Rite of Passage

I have opened bank accounts for all the children and put money-gifts from birthdays and Christmas in them. Until now, I have always done it for them. They don't know what goes on, how much money they have or how it got there. No money lessons to be learned here.

Lately Dylan has been very intrigued with money. We 'trade' all day long. "Mom, can I give you 6 quarters, 4 dimes and ten pennies for a toonie?" or "Mom, I need a $10 bill. Can I give you a $5 bill, two toonies and a loonie?" There are times in my day where I just have to say, "Okay, trading is over for the day." It's as if I'm the official bank or a stock market or something. I have to say, his interest in how it works sure helps with our math lessons!

I have also been paying him small amounts for things he does around the house. He has his regular chores, but if these are done, he has earned the right to work for pay. (Mean mom, eh?) For example, a load of laundry washed, dried, folded and put away earns him a quarter. (Dwayne says it's slave labour. I say it's a good way for him to learn to work and have a chance to plunk something into his piggy bank.) Yesterday, he asked to roll my loose change. I told him I'd give him a quarter if he sorted the money into types of coins and another quarter for sorting piles of the proper amounts to fit into each roll. (Okay, how many of you homeschool moms are loving this...math lessons that I have to pay to teach him!)
After he finishes sorting these piles of coins, he asks if he can set up his very own bank account. So I call the bank to see if there is an appointment time available and off we toddle to set it up...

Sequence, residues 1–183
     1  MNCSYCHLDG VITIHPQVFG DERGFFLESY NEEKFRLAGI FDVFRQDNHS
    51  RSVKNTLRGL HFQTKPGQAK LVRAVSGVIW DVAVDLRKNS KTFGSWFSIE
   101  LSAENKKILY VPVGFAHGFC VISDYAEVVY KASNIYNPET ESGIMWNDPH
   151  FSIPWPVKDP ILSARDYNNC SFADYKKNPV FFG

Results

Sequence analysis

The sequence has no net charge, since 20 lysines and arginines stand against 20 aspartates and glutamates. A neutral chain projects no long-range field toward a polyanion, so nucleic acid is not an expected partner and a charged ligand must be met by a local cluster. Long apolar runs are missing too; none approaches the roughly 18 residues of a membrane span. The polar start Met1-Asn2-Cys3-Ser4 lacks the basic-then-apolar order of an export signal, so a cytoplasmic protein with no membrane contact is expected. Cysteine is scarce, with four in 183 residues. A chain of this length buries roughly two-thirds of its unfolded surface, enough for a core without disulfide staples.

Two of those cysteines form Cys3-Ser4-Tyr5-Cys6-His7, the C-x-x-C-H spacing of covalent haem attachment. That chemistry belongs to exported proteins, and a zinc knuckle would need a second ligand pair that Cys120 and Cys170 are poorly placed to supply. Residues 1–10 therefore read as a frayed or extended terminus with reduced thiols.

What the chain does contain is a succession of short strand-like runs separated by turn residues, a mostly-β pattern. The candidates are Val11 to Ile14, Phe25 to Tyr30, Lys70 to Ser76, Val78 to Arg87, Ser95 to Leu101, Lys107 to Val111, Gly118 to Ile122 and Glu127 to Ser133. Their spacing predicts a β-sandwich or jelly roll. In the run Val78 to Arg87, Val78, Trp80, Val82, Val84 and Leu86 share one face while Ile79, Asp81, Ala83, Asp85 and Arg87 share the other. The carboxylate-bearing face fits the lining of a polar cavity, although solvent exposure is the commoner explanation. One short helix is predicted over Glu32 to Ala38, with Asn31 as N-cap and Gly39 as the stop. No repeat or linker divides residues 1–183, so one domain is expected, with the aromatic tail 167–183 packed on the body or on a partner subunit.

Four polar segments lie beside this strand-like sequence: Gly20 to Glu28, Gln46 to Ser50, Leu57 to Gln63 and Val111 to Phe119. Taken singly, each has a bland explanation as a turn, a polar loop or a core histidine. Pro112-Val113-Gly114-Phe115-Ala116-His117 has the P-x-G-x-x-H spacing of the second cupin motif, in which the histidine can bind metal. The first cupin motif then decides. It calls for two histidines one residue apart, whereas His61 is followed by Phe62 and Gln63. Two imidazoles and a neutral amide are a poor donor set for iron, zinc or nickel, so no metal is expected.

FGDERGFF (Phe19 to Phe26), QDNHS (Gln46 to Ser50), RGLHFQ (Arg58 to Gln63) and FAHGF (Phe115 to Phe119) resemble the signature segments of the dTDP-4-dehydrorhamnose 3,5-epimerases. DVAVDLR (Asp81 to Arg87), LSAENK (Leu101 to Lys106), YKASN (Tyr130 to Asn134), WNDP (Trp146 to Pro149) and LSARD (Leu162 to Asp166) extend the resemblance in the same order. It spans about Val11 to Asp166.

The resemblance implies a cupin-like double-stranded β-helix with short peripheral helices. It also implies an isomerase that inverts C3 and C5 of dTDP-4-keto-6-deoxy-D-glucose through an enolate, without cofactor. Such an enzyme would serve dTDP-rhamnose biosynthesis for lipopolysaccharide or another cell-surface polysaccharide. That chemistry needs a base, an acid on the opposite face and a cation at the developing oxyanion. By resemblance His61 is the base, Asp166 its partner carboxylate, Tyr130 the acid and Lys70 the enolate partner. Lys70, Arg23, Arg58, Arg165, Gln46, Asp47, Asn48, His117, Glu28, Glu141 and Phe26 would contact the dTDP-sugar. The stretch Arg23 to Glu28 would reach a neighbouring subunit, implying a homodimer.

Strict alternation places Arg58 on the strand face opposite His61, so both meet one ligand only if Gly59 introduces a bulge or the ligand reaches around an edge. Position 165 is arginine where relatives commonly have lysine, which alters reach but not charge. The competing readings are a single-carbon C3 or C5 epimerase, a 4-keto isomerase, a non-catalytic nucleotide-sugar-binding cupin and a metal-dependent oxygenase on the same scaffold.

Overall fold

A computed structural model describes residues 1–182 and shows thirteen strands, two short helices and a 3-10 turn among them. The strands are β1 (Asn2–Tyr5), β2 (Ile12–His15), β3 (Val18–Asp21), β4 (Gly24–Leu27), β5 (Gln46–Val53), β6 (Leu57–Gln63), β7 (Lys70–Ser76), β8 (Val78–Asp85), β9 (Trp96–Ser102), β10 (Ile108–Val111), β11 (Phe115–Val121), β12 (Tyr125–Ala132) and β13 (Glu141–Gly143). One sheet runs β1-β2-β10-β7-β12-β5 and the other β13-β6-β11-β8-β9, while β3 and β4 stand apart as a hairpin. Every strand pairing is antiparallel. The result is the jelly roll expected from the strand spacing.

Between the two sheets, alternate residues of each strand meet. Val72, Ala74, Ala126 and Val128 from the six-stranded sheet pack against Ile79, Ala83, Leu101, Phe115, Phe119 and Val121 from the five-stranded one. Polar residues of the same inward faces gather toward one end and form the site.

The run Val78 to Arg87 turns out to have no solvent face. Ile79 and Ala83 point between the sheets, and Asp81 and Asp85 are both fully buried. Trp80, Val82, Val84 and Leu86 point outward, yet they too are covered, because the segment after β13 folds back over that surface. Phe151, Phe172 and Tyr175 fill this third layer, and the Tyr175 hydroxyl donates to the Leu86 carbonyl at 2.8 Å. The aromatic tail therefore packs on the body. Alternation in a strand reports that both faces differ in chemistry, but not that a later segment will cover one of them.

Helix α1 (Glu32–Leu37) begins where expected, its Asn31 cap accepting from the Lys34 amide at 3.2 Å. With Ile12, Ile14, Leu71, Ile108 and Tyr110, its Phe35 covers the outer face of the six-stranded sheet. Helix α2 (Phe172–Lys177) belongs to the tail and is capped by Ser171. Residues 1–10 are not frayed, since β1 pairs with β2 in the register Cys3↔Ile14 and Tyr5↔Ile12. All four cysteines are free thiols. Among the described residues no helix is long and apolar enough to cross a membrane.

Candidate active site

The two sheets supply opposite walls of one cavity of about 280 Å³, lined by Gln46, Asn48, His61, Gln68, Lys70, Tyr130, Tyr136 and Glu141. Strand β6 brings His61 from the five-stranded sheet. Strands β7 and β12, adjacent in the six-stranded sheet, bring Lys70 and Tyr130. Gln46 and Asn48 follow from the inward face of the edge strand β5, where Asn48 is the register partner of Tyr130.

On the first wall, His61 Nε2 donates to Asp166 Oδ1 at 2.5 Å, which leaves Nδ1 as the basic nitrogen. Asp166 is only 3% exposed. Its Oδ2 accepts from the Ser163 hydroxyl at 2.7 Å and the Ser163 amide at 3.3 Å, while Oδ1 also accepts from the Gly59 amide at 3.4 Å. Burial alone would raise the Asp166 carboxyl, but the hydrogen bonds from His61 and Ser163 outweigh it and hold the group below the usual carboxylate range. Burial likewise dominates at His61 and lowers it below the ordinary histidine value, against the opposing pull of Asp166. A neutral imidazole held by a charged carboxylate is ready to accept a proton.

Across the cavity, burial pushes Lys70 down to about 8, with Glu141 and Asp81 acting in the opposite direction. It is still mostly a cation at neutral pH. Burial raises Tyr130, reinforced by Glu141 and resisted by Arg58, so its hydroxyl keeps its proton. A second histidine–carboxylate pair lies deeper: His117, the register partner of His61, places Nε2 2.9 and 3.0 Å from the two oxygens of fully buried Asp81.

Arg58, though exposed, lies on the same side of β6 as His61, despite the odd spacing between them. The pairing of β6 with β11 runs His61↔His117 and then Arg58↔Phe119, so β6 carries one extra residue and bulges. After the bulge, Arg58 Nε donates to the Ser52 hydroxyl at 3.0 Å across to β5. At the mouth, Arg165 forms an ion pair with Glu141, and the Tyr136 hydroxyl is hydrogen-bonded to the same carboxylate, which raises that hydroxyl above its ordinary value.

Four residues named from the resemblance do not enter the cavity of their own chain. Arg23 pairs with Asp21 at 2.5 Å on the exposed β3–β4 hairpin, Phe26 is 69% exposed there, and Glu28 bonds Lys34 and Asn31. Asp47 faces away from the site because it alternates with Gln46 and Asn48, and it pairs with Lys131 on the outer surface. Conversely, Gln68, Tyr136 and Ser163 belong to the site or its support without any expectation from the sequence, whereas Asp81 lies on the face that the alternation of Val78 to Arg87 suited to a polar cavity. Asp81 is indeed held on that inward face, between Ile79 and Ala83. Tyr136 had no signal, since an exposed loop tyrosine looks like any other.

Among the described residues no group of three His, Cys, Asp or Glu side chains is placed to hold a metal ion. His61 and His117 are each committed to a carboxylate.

The banking officer treated him like a real little gentleman. She explained everything nice and clearly to him...

He looked it over...

and then signed it.

Then she escorted him over to the teller, where he deposited his $9.91. He asked the teller, a few times, in a few different ways, how he could be sure that he would get that money back when he wanted it. He wasn't about to give up all that hard-earned money to never see it again! She patiently explained it all and sent him on his way with his new deposit book.

I sure am thankful for people who treat my children like real people. When they patiently (and clearly) explain things to them, it makes them feel good. And it's such a great opportunity to learn to converse with adults and find out the information that they would like to know. I usually just stand back and watch it happen. And I must say, it makes me feel good to see my 5-year-old boy looking adults in the eye and communicating clearly with them.

2 comments:

USAincognito said...

What a great idea for teaching your son about consumer math! :) And how wonderful of the people at the bank to take the time to help him understand everything!!

Kysha said...

Oh that's so sweet! My gang has been trying to remind me to take them to their bank so that they can make their little deposits also. It's so cute. Such a great lesson in saving.